Orcas, or killer whales, are a deadly threat in the Baja California Sur

Orcas, or killer whales, are a deadly threat in the Baja California Sur

New peril for gray whale survival? Predatory orcas spotted in Baja calving lagoon

by Mary F. Calvert @marycalvert, Posted Mar 4th, 2016

Baja California, Mexico — A deadly threat is lurking in the Baja California Sur waters — orcas, or killer whales.

The animals, which are highly endangered, have a dangerous reputation among scientists and the public alike. Orcas have also gained increasing media scrutiny in recent years, with reports of attacks and deaths by killer whales, as well as threats and illegal killing by the Mexican Navy.

On March 3, 2016, two females and one male killer whale spotted in the Laguna de Banderas, located in the southern part of the Baja California Sur. It’s the only lagoon in Mexico where orcas congregate and has been a tourist magnet for decades, and a place where many have been killed by them.

Orcas can be found throughout much of the ocean and are the largest population of “bala,” or killer whales. The animals are at the apex of their species and are listed as ‘endangered,’ with less than 200,000 global populations, making them among the most endangered mammals on the planet.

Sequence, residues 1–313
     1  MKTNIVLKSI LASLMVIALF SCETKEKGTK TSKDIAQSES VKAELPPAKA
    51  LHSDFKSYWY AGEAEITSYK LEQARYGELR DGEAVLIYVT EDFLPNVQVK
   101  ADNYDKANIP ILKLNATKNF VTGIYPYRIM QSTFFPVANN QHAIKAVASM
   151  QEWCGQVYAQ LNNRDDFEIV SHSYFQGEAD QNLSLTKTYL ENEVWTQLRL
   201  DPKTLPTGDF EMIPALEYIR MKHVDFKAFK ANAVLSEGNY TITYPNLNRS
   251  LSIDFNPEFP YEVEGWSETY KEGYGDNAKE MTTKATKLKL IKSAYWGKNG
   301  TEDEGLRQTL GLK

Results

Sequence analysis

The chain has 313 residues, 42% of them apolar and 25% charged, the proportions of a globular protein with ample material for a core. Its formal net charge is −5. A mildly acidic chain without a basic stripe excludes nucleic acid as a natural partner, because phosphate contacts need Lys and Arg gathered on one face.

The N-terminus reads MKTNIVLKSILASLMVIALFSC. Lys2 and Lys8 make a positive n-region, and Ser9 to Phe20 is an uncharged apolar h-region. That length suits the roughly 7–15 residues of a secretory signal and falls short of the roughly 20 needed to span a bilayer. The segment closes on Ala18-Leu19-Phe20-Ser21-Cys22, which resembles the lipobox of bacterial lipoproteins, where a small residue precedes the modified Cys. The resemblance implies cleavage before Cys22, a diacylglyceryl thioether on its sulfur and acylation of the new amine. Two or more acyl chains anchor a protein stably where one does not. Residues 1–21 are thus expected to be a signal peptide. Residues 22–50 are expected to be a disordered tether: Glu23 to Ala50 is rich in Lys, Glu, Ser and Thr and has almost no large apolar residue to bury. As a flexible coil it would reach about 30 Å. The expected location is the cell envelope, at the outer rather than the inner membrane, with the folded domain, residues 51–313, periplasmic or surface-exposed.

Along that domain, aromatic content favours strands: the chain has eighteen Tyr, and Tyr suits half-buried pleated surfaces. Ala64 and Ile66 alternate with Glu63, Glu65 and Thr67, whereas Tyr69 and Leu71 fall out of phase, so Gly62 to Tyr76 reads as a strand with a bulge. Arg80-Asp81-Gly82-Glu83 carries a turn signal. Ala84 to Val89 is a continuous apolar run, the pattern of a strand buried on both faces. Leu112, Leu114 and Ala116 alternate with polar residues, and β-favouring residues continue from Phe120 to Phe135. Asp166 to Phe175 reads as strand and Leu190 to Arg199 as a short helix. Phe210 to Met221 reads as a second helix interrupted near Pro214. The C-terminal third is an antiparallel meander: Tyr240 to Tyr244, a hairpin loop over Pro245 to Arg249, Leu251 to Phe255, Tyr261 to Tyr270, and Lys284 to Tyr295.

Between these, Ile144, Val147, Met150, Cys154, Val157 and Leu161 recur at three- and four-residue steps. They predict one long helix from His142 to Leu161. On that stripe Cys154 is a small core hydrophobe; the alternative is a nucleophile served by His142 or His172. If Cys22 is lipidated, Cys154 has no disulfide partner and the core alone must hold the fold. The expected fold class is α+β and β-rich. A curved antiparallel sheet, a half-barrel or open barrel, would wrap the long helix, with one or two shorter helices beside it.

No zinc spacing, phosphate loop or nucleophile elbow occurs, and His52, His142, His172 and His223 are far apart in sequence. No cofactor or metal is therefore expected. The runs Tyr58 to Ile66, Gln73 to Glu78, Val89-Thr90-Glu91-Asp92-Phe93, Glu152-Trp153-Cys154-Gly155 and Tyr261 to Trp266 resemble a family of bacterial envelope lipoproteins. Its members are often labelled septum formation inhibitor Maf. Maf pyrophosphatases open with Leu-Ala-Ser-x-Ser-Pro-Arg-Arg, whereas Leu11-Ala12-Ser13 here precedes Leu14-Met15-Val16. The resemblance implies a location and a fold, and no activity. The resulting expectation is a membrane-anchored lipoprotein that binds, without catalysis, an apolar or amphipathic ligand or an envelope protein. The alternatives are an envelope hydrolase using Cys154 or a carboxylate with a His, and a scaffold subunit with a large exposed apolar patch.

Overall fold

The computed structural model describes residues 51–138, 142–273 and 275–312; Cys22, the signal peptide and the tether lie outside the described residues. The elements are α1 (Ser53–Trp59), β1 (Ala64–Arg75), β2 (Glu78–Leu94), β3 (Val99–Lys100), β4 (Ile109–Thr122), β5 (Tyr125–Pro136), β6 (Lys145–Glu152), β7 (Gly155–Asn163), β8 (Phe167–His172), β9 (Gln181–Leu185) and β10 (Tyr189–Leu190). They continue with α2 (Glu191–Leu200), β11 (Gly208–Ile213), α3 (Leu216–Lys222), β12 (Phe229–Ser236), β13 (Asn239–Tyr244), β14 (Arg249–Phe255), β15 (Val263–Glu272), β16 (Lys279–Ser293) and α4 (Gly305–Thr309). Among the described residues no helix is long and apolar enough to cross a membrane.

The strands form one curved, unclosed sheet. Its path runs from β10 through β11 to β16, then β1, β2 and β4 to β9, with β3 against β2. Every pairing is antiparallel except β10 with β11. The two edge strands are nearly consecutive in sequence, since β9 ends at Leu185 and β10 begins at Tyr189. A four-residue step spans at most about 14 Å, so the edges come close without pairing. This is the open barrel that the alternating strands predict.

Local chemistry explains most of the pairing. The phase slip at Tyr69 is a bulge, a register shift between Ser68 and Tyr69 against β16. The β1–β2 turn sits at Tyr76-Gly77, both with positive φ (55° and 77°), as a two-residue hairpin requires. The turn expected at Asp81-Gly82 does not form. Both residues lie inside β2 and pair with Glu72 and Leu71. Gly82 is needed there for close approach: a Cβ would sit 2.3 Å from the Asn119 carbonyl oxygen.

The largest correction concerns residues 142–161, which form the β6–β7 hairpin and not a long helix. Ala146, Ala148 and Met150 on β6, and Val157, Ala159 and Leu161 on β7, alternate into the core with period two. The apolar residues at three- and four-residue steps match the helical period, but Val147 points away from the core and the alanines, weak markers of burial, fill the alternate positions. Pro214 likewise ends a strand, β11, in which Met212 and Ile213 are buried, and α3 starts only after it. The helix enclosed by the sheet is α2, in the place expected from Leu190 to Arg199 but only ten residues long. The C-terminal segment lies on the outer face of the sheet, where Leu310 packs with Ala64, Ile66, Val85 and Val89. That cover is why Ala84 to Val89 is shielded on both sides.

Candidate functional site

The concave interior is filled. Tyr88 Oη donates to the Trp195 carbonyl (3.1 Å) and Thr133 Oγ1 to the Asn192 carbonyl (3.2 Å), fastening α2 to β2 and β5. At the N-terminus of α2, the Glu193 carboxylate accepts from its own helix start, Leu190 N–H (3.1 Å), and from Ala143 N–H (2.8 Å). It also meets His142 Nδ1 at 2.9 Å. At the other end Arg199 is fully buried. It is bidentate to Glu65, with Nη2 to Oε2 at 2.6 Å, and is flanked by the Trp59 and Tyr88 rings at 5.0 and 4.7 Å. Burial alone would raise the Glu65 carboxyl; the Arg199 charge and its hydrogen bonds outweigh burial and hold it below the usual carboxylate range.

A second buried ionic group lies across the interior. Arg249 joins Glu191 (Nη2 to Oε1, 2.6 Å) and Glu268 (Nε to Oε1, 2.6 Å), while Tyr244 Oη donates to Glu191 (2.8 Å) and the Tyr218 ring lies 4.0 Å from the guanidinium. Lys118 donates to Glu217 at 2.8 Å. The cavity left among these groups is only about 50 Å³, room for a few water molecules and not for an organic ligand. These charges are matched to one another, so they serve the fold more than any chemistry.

According to their website, the Mexican Navy began monitoring these animals in 2011 by watching their activities near the beaches of Ensenada, which is where the whales have been spotted. Scientists have observed them for years through satellite tracking.

For the last two years, there have been four orca sightings and five whale sightings. In 2015, a pod of orcas was reportedly found on San Roque, Mexico, and the following year, a pod was seen in Ensenada, as well as a pod in San Antonio, Mexico, in February 2016.

The Marine Research Institute at the Institute of Marine Biology on the University of Costa Rica, in collaboration with the Marine Research

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